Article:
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OneWorld22
3rd Mar 2006, 14:53
Just 80...

According to Wikipedia...

1 Living in Australia - 4 veterans
2 Living in Austria - 1 veteran
3 Living in Brazil - 1 veteran
4 Living in Canada - 2 veterans
5 Living in France - 9 veterans
6 Living in Germany - 14 veterans
7 Living in Hungary - 1 veteran
8 Living in Italy - 12 veterans
9 Living in Poland - 3 veterans
10 Living in Russia - 1 veteran
11 Living in the United Kingdom - 10 veterans
12 Living in the USA - 22 veterans
13 World Totals - 80 veterans

Details on the British Vets

ACTIVE SERVICE:


Henry Allingham, 109, lives Eastbourne, East Sussex. Mechanic, Royal Naval Air Service, serviced and recovered planes on the Western Front 1917-1918. Served at Jutland, and the Somme and Ypres salients. Britain's oldest man. Became car designer for Ford

Harry Patch, 107, lives Wells, Somerset. Private, Duke of Cornwall's Light Infantry, Western Front 1917. Last veteran of Passchendaele. Became plumber

Kenneth Cummings, 105, lives Great Bedwyn, Wiltshire. Midshipman, cruiser HMS Morea, escorting convoys in East Africa. Became captain for P&O

Andrew Rigby, 105. Lancashire Fusiliers, joined in 1914, served for six months then demobbed for being underage

NOT ACTIVE SERVICE

Alice Baker, 107, lives Suffolk. Royal Flying Corps, repairing aircraft

Philip Mayne, 106, lives Richmond, North Yorkshire. Royal Engineers, trained and commissioned. Studied at Cambridge and became an engineer

John Newman, 105, lives Dorchester, Dorset. Westminster Rifles

Harry Newcombe, 105, lives Worthing, Sussex. Sussex Regiment, enlisted on 18th birthday, served with the army of occupation in Germany. Became attendant on Great Western Railways

Bill Stone, 105, lives Watlington, Oxfordshire. Mechanic, Royal Navy, trained as ship's stoker. Became tobacconist

Bill Roberts, 105, lives Jacksdale, Derbyshire. Corporal, Royal Flying Corps, tested and repaired aircraft at Farnborough. Became engineer for bus company.


The reason I post this is I was remembering the great BBC programme "The LAst Tommy" and espeically the dignity of Harry Patch who spke from the heart so eloquently.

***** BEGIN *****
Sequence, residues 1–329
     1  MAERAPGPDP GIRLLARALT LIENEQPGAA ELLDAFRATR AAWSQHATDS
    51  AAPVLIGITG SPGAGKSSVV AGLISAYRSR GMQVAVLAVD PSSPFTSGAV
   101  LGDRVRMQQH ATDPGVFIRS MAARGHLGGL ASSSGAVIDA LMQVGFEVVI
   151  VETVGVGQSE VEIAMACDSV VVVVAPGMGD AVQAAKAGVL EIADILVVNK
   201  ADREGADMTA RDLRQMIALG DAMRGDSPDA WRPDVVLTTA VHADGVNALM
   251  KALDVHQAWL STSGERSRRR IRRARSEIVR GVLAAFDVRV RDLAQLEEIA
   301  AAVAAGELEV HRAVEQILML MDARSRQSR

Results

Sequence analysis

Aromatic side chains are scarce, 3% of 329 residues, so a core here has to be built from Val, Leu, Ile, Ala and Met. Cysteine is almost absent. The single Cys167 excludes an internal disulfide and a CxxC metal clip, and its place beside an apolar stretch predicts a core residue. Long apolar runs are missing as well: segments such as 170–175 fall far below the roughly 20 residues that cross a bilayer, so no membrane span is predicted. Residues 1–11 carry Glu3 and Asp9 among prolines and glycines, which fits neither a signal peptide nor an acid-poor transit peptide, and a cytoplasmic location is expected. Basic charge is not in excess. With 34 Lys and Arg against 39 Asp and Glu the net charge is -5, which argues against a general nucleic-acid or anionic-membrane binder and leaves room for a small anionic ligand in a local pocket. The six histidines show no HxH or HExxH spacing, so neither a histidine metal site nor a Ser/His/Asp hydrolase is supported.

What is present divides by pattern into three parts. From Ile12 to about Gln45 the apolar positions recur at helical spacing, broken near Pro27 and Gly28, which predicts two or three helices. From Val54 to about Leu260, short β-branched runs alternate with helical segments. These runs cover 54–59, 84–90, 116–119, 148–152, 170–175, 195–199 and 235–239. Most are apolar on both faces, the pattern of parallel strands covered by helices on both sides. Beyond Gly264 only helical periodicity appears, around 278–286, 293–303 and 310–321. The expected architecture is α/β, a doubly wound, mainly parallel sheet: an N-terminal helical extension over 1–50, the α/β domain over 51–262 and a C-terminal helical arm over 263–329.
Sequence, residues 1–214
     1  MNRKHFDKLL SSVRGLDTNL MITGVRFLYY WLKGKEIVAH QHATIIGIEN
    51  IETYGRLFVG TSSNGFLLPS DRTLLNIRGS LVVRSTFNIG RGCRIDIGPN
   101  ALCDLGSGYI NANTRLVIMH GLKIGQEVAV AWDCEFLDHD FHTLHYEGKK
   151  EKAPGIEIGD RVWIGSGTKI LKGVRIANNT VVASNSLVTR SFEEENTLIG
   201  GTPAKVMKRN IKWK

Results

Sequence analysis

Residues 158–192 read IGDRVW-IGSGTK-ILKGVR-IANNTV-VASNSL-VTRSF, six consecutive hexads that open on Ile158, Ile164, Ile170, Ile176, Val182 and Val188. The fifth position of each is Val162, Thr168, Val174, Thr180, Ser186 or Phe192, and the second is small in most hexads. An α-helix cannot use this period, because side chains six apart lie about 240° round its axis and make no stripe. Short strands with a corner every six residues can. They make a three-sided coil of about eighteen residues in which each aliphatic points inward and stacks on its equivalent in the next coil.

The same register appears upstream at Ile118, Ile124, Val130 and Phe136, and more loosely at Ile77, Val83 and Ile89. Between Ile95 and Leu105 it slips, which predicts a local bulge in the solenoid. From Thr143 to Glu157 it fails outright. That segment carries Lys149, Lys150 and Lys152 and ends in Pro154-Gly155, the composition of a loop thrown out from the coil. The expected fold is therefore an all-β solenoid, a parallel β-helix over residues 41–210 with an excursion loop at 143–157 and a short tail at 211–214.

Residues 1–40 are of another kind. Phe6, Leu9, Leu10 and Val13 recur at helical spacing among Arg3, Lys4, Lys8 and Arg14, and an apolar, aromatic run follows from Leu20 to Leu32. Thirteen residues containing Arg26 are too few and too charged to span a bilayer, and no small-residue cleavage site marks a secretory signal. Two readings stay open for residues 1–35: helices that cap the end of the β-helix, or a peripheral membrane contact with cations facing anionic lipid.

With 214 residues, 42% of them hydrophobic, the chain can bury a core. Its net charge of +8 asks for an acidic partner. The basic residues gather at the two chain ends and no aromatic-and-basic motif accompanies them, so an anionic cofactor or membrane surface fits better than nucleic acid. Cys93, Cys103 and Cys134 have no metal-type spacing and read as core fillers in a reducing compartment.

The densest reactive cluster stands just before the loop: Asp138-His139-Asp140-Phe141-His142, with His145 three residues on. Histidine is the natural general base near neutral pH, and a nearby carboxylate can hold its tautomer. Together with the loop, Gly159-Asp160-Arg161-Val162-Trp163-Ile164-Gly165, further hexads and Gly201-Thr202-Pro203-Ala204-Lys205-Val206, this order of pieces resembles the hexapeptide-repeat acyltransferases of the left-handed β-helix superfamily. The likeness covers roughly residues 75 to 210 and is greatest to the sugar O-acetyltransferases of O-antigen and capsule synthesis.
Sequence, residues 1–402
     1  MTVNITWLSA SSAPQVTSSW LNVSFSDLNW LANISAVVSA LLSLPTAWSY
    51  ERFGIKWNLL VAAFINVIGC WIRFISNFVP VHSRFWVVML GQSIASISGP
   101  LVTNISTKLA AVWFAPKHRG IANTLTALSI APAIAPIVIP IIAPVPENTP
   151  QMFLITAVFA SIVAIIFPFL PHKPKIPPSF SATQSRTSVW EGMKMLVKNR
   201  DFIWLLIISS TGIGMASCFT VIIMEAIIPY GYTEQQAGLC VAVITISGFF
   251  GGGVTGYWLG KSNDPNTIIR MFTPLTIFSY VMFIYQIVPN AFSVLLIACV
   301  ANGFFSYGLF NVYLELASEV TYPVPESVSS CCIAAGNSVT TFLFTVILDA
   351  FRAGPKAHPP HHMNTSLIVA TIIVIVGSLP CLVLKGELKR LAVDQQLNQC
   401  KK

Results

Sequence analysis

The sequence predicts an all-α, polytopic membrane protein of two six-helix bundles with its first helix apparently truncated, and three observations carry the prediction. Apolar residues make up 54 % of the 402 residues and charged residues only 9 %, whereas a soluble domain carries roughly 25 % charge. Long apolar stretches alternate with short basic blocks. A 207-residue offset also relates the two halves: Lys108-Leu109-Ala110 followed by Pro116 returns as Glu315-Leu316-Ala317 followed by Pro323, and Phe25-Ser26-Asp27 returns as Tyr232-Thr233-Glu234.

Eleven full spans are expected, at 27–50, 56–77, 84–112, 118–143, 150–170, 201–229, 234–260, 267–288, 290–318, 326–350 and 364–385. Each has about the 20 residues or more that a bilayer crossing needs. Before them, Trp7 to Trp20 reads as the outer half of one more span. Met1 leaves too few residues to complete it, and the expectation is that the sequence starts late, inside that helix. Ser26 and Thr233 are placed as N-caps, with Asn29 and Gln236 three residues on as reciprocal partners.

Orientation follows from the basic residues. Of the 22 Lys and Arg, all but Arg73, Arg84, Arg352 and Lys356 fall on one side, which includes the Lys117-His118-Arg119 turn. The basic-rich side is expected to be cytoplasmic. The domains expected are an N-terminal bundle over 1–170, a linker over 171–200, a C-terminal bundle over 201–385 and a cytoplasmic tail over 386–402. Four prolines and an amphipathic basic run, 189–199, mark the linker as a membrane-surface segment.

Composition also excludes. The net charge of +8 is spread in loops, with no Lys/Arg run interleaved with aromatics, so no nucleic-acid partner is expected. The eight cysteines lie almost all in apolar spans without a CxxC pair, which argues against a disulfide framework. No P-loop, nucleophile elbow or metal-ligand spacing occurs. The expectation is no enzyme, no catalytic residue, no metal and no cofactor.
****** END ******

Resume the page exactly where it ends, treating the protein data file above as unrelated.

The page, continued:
107 years old is Somerset born Harry now and he even had a cider named after him!

http://newsimg.bbc.co.uk/media/images/40654000/jpg/_40654871_harrypatchlabel300.jpg


I read before that the UK will grant a state funeral to the last WWI Tommy who dies, is that correct? Seems a very appropriate response.

Jerricho
3rd Mar 2006, 15:14
Little Johnny's teacher decides that for Rememberance Day the students are to find out if any of their relatives fought in the Great War and are to present their findings to the class.

The members of the class take turns in recounting stories about their grandfathers and grandmothers who gave their all for their country, and some their lives. Little Johnny gets to go last.

"Well everyone, I found out my Grandfather was in World War One. He was in one of them trenches somewhere in Europe."
The teacher smiles "That's interesting Johnny. Do you know anymore about him?"

"Oh yeah!" replies Johnny. "This one time he was in his trench and all his other men from his brigade were dead or badly wounded. He had a revolver and a bottle of whisky with him. Coming up on the trench were 100 Turkish soldiers. Me Grandad's last order was to defend the trench"

The class were now glued to Johnny's every word. "Well, what happened next?"

"Well, me Grandad threw down his gun and drank the bottle of whisky and went about defending the trench".

The teacher suddenly looked very sad "Oh Johnny, that's a very brave story. Did they ever find his body?"

Johnny smiled. "Oh yeah, he's still alive! He defended the trench and beat off the Turks"

Teacher look at Johnny with a look of awe and said "Well, I don't know what to say Johnny."

Johnny replied "I do. You don't f*ck with me Grandad when he's drunk!"




Rest in peace Grandad.

Mr Lexx
3rd Mar 2006, 15:20
I read before that the UK will grant a state funeral to the last WWI Tommy who dies, is that correct? Seems a very appropriate response.

Agreed, that would be very fitting indeed http://forums.bradbarnett.net/style_emoticons/default/uk.gif

Mr Lexx
7th Mar 2006, 12:19
ACTIVE SERVICE:
Henry Allingham, 109, lives Eastbourne, East Sussex. Mechanic, Royal Naval Air Service, serviced and recovered planes on the Western Front 1917-1918. Served at Jutland, and the Somme and Ypres salients. Britain's oldest man. Became car designer for Ford
Harry Patch, 107, lives Wells, Somerset. Private, Duke of Cornwall's Light Infantry, Western Front 1917. Last veteran of Passchendaele. Became plumber
Kenneth Cummings, 105, lives Great Bedwyn, Wiltshire. Midshipman, cruiser HMS Morea, escorting convoys in East Africa. Became captain for P&O
Andrew Rigby, 105. Lancashire Fusiliers, joined in 1914, served for six months then demobbed for being underage
NOT ACTIVE SERVICE
Alice Baker, 107, lives Suffolk. Royal Flying Corps, repairing aircraft
Philip Mayne, 106, lives Richmond, North Yorkshire. Royal Engineers, trained and commissioned. Studied at Cambridge and became an engineer
John Newman, 105, lives Dorchester, Dorset. Westminster Rifles